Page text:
## Figures

## Abstract

The article concerns the problem of evacuation from passenger ships. It is important because it has not yet been possible to eliminate all the hazards associated with sea travel. In this paper, a concept of a method allowing to determine the arrangement of evacuation routes, for which evacuation time would be minimal, was presented. The genetic algorithm method was used in the calculations, and an original method of coding the considered problem was proposed. Sample calculations were performed to verify the correctness of the proposed algorithm. The results of applying the developed method to calculate the evacuation time on a real passenger ship are presented.

**Citation: **Łozowicka D (2021) The design of the arrangement of evacuation routes on a passenger ship using the method of genetic algorithms. PLoS ONE 16(8):
e0255993.
https://doi.org/10.1371/journal.pone.0255993

**Editor: **Seyedali Mirjalili, Torrens University, AUSTRALIA

**Received: **June 1, 2021; **Accepted: **July 27, 2021; **Published: ** August 9, 2021

**Copyright: ** © 2021 Dorota Łozowicka. This is an open access article distributed under the terms of the Creative Commons Attribution License, which permits unrestricted use, distribution, and reproduction in any medium, provided the original author and source are credited.

**Data Availability: **All relevant data are within the manuscript and its Supporting Information files.

**Funding: **The sources of funding (financial or material support) for my study is Maritime Academy of Szczecin, Poland. The funders had no role in study design, data collection and analysis, decision to publish, or preparation of the manuscript.

**Competing interests: ** The authors have declared that no competing interests exist.

## Introduction

The development of the shipbuilding industry in the sector related to the construction of modern passenger ships is characterized in recent years by the trend to build larger and larger vessels, taking on board up to five thousand people. A passenger ship has to be designed and operated to be safe, but there are still accidents that make it necessary to evacuate passengers and crew from the ship.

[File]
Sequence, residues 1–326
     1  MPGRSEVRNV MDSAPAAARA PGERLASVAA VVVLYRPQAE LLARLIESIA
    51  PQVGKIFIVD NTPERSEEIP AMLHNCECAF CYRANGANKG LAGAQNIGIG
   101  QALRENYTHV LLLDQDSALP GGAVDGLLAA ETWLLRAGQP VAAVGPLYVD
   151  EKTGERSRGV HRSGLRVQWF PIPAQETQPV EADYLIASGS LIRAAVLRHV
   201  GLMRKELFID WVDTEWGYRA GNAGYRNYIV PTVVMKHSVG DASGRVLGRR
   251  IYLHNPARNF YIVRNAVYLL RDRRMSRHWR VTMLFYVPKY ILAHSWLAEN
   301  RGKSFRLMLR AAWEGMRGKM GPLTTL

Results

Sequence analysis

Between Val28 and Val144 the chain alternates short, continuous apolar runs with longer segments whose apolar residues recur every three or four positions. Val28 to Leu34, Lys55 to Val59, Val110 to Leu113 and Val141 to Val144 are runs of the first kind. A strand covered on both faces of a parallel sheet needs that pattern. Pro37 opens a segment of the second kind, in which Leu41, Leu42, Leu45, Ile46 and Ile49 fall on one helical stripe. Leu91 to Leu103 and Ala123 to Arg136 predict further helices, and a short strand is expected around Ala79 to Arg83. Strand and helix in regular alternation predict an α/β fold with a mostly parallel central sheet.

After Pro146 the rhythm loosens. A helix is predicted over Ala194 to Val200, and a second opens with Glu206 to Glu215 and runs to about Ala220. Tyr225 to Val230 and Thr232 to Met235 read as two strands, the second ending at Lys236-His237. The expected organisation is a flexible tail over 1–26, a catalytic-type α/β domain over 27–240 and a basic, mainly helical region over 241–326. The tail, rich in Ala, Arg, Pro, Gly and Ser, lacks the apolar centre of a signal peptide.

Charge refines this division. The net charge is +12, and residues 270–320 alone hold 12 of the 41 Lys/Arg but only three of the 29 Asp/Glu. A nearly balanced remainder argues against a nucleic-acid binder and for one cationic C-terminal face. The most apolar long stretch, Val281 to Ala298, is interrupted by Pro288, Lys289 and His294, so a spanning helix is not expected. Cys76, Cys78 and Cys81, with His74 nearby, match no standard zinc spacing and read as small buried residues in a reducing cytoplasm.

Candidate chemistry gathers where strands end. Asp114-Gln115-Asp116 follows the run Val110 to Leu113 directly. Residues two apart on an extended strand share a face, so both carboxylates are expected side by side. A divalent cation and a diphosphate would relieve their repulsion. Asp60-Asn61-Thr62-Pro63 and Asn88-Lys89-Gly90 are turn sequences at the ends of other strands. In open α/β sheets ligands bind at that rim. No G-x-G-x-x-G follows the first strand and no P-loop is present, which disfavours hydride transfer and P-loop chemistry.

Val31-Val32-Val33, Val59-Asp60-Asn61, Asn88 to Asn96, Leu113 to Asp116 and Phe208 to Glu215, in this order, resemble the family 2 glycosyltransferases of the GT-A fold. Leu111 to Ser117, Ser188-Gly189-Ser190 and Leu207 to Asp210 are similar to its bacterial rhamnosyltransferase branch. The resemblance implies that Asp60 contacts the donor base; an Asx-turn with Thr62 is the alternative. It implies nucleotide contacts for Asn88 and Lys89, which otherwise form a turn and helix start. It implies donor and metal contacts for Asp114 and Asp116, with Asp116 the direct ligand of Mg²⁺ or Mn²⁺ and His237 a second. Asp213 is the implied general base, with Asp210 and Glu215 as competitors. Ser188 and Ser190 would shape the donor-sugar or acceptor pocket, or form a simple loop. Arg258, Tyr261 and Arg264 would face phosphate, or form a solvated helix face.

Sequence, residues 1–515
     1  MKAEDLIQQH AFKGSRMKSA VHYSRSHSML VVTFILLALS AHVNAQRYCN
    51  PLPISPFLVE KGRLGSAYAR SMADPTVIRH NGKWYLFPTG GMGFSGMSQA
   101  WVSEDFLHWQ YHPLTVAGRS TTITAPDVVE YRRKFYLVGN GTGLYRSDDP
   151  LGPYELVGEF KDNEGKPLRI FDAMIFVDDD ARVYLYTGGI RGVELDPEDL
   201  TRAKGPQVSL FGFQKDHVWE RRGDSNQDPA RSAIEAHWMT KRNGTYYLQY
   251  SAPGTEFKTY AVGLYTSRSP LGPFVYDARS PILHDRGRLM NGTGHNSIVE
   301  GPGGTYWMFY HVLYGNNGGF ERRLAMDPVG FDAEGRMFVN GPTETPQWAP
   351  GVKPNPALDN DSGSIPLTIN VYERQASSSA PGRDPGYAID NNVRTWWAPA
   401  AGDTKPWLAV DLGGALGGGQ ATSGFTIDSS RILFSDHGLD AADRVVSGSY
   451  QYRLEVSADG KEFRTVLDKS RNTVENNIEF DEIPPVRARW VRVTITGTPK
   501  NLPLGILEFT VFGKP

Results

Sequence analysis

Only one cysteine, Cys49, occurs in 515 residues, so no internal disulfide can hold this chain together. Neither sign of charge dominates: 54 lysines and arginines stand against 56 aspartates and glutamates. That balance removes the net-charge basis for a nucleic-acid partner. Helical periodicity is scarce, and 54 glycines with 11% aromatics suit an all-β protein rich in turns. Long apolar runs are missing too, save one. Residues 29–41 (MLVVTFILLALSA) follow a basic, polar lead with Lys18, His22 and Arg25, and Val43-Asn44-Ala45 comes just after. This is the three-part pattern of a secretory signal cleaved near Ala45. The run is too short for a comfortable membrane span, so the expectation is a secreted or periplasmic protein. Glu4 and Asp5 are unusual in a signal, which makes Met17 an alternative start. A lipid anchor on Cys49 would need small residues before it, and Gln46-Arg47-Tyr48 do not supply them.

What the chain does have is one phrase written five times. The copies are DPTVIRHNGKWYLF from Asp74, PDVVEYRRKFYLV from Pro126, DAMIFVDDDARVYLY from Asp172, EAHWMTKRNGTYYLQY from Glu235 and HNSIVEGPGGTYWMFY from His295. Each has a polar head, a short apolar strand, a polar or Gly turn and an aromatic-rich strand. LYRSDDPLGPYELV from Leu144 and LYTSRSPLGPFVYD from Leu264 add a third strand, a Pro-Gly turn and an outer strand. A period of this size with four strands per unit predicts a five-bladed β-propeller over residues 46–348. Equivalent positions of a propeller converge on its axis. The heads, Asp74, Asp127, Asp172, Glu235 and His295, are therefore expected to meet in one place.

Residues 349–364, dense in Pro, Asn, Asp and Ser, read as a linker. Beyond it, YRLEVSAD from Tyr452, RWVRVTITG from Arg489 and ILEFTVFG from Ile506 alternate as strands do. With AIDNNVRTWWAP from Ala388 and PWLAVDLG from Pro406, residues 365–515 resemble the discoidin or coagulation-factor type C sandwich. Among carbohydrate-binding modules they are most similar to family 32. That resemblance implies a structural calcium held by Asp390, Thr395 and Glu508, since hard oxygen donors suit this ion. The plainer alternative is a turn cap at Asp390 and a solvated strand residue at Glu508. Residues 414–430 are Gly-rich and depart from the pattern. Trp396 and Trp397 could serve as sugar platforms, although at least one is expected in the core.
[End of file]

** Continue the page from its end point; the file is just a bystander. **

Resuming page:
At the ship design stage and during the development of evacuation procedures, the question arises, how should the evacuation routes on the ship be designed to reduce the evacuation time as much as possible? It is necessary to improve the "survivability" of the ship, but it is also important to develop evacuation systems in terms of rescue operations as well as the design of evacuation routes on the ship.

Evacuation routes should have adequate capacity, signage and lighting. The time it takes for passengers to get from their evacuation areas to their assembly stations is highly dependent on human factors. Most passengers are usually unfamiliar with the layout of corridors and various spaces on the ship, which can cause difficulties in locating assembly areas. It is therefore important that assembly stations are easily identifiable and the routes leading to them clearly signed. Reduced evacuation time is influenced by, among other things, the correct arrangement of escape routes. Due to the impossibility of influencing the randomness of the population among passengers (e.g. the presence of intoxicated people, invalids, etc.), evacuation routes should primarily be designed in such a way that the evacuation time is as short as possible.

The following reasons should be considered when determining the purpose of the study:

- the construction of large passenger ships carrying thousands of people generates the problem of safe evacuation of these people in case of such necessity;
- it is not always possible to eliminate human errors leading to unsafe navigation at the stage of ship design, construction and operation, therefore it should be assumed that evacuation from a passenger ship should be possible;
- there is a need to shorten the evacuation time, including moving people from the places where they are alerted to the assembly stations.

The purpose of this paper is to present the concept of a method to determine the arrangements of evacuation routes for which evacuation time would be minimal.

The ship design philosophy focuses primarily on improving the survivability of ships—new passenger ships must be designed so that they can safely return to port in case of fire or flooding of a watertight compartment [1–3]. In the case of an accident, systems such as propulsion, steering, navigation and fuel systems must be operational so that the ship is able to return to port. It is important to maintain communications and fire prevention systems. The problem of a ship’s safe return to port in the case of a fire can be found in the publication [4]. The method of quantitative analysis was presented to solve the problem of uncertainty of the evacuation time of passengers.